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In vitro Evaluation of the Location of Cholesteryl Ester Deposits on Monthly Replacement Silicone Hydrogel Contact Lens Materials

Authors Qiao H, Luensmann D, Heynen M, Drolle E, Subbaraman LN, Scales C, Riederer D, Fadli Z, Jones L

Received 4 July 2020

Accepted for publication 22 August 2020

Published 24 September 2020 Volume 2020:14 Pages 2821—2828

DOI https://doi.org/10.2147/OPTH.S270575

Checked for plagiarism Yes

Review by Single anonymous peer review

Peer reviewer comments 3

Editor who approved publication: Dr Scott Fraser


Han Qiao,1 Doerte Luensmann,1 Miriam Heynen,1 Elizabeth Drolle,1 Lakshman N Subbaraman,1 Charles Scales,2 Donald Riederer,2 Zohra Fadli,2 Lyndon Jones1,3

1Centre for Ocular Research & Education (CORE), School of Optometry & Vision Science, University of Waterloo, Waterloo, ON, Canada; 2Johnson & Johnson Vision Care, Inc, Jacksonville, FL, USA; 3Centre for Eye & Vision Research (CEVR), Hong Kong, People’s Republic of China

Correspondence: Doerte Luensmann Email dluensma@uwaterloo.ca

Purpose: The deposition profile of cholesteryl ester on the surface and throughout the matrix of silicone hydrogel contact lens (CL) materials was determined under conditions that mimic a daily wear regimen.
Methods: In this in vitro study, four SiHy CL materials (senofilcon C, lotrafilcon B, comfilcon A and samfilcon A) were incubated in an artificial tear solution (ATS) for up to 30 days. CL incubation was alternated between the ATS (16 hours) and a multipurpose care regimen (8 hours). The ATS included fluorescently tagged cholesteryl ester (5-cholesten-3ß-ol 6-[(7-nitro-2-1,3-benzoxadiazol-4-yl)amino]caproate; CE-NBD) and confocal laser scanning microscopy visualized the distribution of the lipid through the CLs.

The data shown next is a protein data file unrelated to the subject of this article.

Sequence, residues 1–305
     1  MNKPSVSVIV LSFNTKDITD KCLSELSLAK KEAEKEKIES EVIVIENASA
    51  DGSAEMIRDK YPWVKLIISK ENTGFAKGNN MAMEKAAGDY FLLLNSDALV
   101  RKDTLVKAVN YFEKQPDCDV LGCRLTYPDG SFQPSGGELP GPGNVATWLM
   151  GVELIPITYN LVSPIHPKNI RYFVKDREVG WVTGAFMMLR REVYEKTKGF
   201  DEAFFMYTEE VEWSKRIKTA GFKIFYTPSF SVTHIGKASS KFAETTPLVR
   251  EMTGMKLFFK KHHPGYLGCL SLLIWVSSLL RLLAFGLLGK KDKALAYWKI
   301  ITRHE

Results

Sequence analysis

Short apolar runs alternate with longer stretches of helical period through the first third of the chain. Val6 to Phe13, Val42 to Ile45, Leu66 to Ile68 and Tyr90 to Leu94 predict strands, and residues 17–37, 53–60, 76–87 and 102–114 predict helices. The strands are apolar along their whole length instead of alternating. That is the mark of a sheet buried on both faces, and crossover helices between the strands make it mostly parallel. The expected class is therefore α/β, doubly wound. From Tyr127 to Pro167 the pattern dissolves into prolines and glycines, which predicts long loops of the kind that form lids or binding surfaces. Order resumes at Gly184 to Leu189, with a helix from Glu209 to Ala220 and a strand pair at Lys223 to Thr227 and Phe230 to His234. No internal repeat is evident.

Results: The distribution of CE-NBD was homogenous from the anterior to posterior surface in senofilcon C and comfilcon A, at all time points. For lotrafilcon B and samfilcon A, CE-NBD localization was heterogeneous, with greater amounts on the surfaces on Day 1 and Day 14 compared to the lens matrix; however, differences in concentration between the surface and bulk diminished by Day 30.
Conclusion: The distribution of the non-polar lipid CE-NBD varied with lens material chemistry. While some lens materials deposited the lipid primarily on the surface after 16 hours of exposure, all materials exhibited a homogenous distribution after one month.

Keywords: lipid distribution, silicone hydrogel contact lenses, cholesteryl ester, artificial tear solution

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